Philosophy of Religion

Throughout time people have puzzled over life, love, suffering, God, where we come from and what will happen when we die. Throughout time people have lived with different notions of all that we are dependent upon, but have no control over. The Philosophy of Religion in turn considers these notions and the truth and knowledge claims that are connected to different understandings of reality. This has taken place in a number of ways. Sometimes connections have been made to a particular faith with the aim of providing a philosophical basis for the teaching of one’s own faith, that is to say philosophy has been used with religious aims. Sometimes a critical discussion of the content and validity of religious teachings has been conducted. Discussions have, in this case, been conducted by believers, atheists and agnostics and have primarily comprised different arguments for and against the existence of God.

At Uppsala University today the Philosophy of Religion is the philosophical discipline which processes philosophical problems actualised by religions and secular world views. Their claims to have something to say about reality sets the Philosophy of Religion the following tasks:

  1. It examines how we can understand what type of questions the religious questions are and how religious experiences can be interpreted.
  2. It examines the conceptions of different religions and other world views and how they relate to one another and to scientific, moral or aesthetic ideas.
  3. Finally it examines whether conceptions can be judged to be valid, plausible and acceptable and in such a case in what way.

A problem orientated approach

Our problem oriented approach involves starting from a philosophical problem, specifying the problem and critically evaluating different potential solutions and the foundations on which they rest. The starting point can, for example, be difficulties in conducting dialogue between religions, the contested place of religious argumentation in the public sphere, the ambiguous relationship between religion and the good life, or the tension between traditional and revised language in worship. There are three periods in the process of philosophical problem orientation:

  • First the argumentation surrounding varying potential solutions is reconstructed.
  • Following this questions of conceptual lack of clarity are highlighted.
  • Finally, concepts are developed which contribute to a hopefully better solution to the philosophical problem investigated.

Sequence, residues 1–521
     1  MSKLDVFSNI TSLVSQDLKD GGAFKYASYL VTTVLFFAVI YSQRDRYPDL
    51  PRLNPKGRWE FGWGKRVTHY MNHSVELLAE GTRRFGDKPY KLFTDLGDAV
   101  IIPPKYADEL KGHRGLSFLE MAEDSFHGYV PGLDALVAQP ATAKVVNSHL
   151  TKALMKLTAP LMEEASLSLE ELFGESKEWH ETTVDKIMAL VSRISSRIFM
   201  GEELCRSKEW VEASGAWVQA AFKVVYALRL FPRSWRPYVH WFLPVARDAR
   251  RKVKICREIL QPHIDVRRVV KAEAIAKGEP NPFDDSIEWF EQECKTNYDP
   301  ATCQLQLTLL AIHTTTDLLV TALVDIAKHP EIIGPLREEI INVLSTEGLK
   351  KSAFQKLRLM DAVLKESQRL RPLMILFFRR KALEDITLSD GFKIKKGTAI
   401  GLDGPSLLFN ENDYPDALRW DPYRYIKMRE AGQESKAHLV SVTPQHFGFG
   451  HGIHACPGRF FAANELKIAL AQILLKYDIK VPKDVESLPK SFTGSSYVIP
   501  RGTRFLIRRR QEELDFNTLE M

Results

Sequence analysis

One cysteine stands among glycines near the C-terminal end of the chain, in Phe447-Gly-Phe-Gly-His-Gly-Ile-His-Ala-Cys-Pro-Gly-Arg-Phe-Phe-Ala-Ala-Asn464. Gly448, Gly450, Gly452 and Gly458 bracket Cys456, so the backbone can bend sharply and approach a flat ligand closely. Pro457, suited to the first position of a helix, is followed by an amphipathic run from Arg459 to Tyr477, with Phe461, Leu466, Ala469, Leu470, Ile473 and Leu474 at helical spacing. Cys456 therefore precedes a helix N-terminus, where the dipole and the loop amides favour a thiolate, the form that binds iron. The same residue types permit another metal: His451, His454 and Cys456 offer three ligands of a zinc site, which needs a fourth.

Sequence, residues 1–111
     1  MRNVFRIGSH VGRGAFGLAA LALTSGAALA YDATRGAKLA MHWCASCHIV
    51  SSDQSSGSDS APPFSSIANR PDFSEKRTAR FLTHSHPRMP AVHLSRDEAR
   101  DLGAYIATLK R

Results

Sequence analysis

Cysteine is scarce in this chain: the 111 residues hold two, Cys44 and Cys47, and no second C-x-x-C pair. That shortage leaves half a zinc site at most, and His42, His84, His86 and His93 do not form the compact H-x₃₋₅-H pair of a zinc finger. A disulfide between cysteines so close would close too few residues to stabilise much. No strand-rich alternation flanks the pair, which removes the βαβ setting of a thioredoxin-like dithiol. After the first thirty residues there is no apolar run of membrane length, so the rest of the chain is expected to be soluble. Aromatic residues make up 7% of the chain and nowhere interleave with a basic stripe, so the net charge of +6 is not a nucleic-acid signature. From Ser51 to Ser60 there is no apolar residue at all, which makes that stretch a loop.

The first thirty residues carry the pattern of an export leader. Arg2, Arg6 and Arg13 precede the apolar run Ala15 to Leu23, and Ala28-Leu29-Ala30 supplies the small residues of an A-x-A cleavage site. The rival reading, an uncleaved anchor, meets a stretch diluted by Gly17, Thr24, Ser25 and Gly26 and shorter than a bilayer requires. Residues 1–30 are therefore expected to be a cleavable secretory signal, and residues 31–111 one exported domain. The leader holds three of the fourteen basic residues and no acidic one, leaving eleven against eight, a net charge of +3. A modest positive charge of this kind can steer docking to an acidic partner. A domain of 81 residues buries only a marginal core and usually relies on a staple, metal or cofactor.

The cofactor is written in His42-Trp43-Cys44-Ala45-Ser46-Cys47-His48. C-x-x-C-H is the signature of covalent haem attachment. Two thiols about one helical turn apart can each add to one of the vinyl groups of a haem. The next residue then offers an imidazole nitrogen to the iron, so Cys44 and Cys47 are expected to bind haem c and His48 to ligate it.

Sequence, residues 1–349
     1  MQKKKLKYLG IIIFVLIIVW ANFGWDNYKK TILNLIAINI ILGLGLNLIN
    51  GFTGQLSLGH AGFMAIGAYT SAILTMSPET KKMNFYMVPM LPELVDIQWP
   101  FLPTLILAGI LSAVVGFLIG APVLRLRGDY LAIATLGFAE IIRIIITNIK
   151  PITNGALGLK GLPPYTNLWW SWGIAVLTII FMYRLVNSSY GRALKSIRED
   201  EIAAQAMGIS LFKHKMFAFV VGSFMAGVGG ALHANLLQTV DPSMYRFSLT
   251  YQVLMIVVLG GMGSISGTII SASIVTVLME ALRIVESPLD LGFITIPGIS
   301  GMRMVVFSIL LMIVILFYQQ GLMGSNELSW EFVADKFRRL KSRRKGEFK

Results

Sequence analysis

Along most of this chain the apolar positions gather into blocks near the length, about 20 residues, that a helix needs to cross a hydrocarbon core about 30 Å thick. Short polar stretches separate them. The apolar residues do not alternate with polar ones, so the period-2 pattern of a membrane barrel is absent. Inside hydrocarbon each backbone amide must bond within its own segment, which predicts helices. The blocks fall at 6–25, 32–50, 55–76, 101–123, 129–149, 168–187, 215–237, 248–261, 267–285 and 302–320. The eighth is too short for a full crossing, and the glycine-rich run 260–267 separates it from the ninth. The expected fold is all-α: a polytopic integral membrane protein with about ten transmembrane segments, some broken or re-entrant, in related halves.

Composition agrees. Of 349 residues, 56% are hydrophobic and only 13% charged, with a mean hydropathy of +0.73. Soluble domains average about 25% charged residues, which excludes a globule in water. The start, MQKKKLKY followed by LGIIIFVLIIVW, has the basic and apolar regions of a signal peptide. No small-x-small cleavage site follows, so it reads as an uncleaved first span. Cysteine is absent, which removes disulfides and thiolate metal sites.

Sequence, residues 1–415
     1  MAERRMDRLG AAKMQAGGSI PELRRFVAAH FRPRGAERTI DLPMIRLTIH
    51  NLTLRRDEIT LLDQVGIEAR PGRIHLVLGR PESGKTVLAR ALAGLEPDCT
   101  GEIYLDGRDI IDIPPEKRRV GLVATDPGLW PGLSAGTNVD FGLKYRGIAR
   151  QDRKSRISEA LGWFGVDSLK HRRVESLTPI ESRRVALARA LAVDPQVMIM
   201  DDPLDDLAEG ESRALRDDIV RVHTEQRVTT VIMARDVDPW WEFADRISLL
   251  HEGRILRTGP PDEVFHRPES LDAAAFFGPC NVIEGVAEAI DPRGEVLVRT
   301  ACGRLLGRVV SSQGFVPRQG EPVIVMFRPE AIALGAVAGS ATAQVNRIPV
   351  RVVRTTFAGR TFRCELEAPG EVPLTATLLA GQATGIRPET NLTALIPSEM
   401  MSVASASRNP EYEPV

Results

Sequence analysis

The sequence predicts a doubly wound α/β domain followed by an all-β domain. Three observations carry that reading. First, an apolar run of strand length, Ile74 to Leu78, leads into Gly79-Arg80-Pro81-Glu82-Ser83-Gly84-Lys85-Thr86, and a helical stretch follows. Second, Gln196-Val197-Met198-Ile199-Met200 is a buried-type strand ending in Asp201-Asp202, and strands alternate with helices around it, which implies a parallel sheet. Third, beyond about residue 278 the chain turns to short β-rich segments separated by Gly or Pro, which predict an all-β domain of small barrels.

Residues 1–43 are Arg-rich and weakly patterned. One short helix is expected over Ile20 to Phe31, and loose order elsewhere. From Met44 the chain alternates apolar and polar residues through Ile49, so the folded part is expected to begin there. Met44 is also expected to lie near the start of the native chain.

Examples of questions in the Philosophy of Religion

Is God or the transcendent real or is it only an illusion? What is religious language about? Do physics, neuroscience or biology, for example, have any relevance for an understanding of the religious and in that case in what way? Does religious faith have any relevance for the natural sciences and if so in what way? Does the fact that religious faith always occurs in a given historical context lead to relativism or are universal claims possible? In what way is a gender perspective relevant to questions of truth and rationality in religions and secular world views? In what sense can a belief in god or a secular understanding of reality be seen to be rational? Is there proof for the religious claim that knowledge, truth and morality are impossible without religious belief? Can one speak of different understandings of truth and knowledge in everyday life, science, religion, morality and art? How does religion relate to science, morality and art?

Relevance to society

While the questions above are of a more basic character, there are others which relate directly to social situations: How can conflicts between different truth and knowledge claims be handled in a democratic society? What does the right to freedom of religion involve and how can this be weighed against other freedoms and rights? How can religious understandings of gender and sexuality be related to the right to equal treatment despite gender or sexual orientation? How can reflexive balance be created between science, morality, art and worldviews which can all be said to be indispensable for a good human life?